BSP takes Demographics seriously, ageing populations lead to pension deficits and other social problems.
Some key takeaways from the report include:
- According to the results of the 2017 Revision, the world’s population reached nearly 7.6 billion in mid-2017. The world has added one billion people since 2005 and two billion since 1993.
- Roughly 83 million people are being added to the world’s population every year. Even assuming that fertility levels will continue to decline, the global population is expected to reach 8.6 billion in 2030, 9.8 billion in 2050 and 11.2 billion in 2100.
- In recent years, fertility has declined in virtually all regions of the world except Europe. A reduction in the fertility level results not only in a slower pace of population growth but also in a more aged population
- In Europe, 25 per cent of the population is already aged 60 years or over and that proportion is projected to reach 35 per cent in 2050 and 36 per cent in 2100. Populations in other regions are also projected to age significantly over the next several decades. For Latin America and the Caribbean, the population will go from having just 12 per cent of the total at ages 60 and above in 2017 to having 25 per cent at these ages in 2050. Similarly, the population aged 60 or over in Asia is expected to shift from being 12 per cent of the total in 2017 to 24 per cent in 2050, while in Northern America it will move from 22 to 28 per cent, and in Oceania, from 17 to 23 per cent over the same period. Africa, which has the youngest age distribution of any region, is also projected to experience a rapid ageing of its population over the coming decades, with the percentage of its population aged 60 or over rising from 5 per cent in 2017 to around 9 per cent in 2050.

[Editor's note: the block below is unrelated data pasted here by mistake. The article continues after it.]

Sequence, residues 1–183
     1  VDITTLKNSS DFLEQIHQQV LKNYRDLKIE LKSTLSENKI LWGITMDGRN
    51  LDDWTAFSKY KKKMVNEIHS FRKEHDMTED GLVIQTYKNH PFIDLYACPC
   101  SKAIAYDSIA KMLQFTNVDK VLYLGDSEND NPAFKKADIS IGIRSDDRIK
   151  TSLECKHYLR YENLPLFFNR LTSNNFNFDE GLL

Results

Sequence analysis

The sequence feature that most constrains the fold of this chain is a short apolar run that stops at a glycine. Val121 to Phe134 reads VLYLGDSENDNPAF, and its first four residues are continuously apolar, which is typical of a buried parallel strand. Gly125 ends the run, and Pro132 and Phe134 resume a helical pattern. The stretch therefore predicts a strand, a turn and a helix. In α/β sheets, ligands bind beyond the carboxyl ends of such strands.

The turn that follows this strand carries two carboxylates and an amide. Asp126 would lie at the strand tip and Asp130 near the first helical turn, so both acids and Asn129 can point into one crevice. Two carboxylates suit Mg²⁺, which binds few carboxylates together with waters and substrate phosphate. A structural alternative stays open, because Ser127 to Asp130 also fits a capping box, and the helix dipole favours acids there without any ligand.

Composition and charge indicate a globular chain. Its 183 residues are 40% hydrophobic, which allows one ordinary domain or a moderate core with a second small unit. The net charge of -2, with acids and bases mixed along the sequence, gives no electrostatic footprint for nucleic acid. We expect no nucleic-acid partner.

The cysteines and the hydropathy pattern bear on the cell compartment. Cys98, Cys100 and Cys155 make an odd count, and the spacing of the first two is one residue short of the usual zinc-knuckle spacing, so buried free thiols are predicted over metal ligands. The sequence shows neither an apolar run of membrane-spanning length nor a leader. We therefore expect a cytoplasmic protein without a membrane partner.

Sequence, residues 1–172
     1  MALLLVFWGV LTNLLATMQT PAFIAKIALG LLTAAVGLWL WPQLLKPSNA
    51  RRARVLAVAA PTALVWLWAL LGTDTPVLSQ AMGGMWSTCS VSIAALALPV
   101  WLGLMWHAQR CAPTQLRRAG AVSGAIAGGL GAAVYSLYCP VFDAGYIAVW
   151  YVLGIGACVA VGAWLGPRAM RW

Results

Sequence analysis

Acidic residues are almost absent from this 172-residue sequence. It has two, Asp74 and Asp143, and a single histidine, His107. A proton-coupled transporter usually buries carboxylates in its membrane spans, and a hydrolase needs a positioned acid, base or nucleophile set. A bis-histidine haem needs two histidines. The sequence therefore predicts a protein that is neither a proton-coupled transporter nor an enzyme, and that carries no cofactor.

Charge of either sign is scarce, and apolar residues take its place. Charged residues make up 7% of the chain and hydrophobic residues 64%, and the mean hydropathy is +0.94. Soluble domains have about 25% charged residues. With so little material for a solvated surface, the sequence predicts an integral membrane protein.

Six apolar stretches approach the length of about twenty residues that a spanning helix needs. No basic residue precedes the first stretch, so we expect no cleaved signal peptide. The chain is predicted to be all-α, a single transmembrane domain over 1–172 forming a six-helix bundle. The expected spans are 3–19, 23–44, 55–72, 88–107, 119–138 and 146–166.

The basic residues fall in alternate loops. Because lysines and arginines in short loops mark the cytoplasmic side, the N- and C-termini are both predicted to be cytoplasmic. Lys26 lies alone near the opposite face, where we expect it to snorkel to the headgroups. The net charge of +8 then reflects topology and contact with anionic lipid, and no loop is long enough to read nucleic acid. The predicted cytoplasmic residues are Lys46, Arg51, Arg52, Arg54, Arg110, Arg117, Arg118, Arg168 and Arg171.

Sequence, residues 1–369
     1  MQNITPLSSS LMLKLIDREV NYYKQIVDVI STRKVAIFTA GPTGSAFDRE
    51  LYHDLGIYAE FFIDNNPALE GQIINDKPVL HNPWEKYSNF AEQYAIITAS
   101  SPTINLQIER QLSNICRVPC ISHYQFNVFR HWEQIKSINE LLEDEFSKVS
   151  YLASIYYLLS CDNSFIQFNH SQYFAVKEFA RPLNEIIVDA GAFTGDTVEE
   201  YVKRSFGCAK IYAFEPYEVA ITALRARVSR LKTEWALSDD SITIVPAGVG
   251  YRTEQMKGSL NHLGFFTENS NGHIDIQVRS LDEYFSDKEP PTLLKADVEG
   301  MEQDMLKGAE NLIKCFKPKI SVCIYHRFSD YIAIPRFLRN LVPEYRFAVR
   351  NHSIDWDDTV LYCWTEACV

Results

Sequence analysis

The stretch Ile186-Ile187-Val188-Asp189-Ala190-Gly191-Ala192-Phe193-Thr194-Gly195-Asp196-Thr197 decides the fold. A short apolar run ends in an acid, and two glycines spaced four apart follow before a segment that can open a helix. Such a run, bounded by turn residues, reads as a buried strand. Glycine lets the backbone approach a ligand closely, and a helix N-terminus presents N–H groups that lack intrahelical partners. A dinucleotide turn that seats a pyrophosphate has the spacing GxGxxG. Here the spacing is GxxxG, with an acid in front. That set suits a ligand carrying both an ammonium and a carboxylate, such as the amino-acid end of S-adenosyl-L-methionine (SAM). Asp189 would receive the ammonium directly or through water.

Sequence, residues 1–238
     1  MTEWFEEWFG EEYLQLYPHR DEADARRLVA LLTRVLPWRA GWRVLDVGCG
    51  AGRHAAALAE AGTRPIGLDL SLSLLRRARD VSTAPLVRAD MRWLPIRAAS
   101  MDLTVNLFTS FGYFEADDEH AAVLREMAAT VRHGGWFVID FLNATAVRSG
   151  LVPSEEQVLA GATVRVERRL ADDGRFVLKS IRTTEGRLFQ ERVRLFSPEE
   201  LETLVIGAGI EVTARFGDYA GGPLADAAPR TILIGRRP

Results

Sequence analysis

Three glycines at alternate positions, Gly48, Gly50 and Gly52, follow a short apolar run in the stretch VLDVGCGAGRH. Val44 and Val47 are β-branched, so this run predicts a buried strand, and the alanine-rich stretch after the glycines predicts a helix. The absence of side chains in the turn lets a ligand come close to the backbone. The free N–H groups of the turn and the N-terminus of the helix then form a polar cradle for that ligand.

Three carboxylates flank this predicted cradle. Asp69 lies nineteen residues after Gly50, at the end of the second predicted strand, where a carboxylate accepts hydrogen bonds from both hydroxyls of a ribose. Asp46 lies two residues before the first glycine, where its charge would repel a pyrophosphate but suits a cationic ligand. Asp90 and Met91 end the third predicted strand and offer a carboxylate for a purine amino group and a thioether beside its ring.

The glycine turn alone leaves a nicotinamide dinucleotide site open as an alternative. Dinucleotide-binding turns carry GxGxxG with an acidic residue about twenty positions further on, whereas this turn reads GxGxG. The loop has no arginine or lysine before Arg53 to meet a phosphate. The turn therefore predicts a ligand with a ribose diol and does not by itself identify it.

- Compared to 2017, the number of persons aged 60 or above is expected to more than double by 2050 and more than triple by 2100, rising from 62 million in 2017 to 2.1 billion in 2050 and 3.1 billion in 2100. For this age range, 65 per cent of the global increase between 2017 and 2050 will occur in Asia, 14 per cent in Africa, 11 per cent in Latin America and the Caribbean, and the remaining 10 per cent in other areas.
- The number of persons aged 80 or over is projected to triple by 2050, and by 2100 to increase to nearly seven times its value in 2017. Globally, the number of persons aged 80 or over is projected to increase from 137 million in 2017 to 425 million in 2050, and further to 909 million in 2100. In 2017, 27 per cent of all persons aged 80 or over reside in Europe, but that share is expected to decline to 17 per cent in 2050 and to 10 per cent in 2100 as the populations of other regions continue to increase in size and to grow older themselves.
- The 2017 Revision confirms that substantial improvements in life expectancy have occurred in recent years. Globally, life expectancy at birth has risen from 65 years for men and 69 years for women in 2000-2005 to 69 years for men and 73 years for women in 2010-2015. However, large disparities between countries remain. At one extreme, countries or areas with a life expectancy of 82 years or more for both sexes combined include Australia, Hong Kong SAR (China), Iceland, Italy, Japan, Macao SAR (China), Singapore, Spain and Switzerland.
For the full report see here: WPP2017_KeyFindings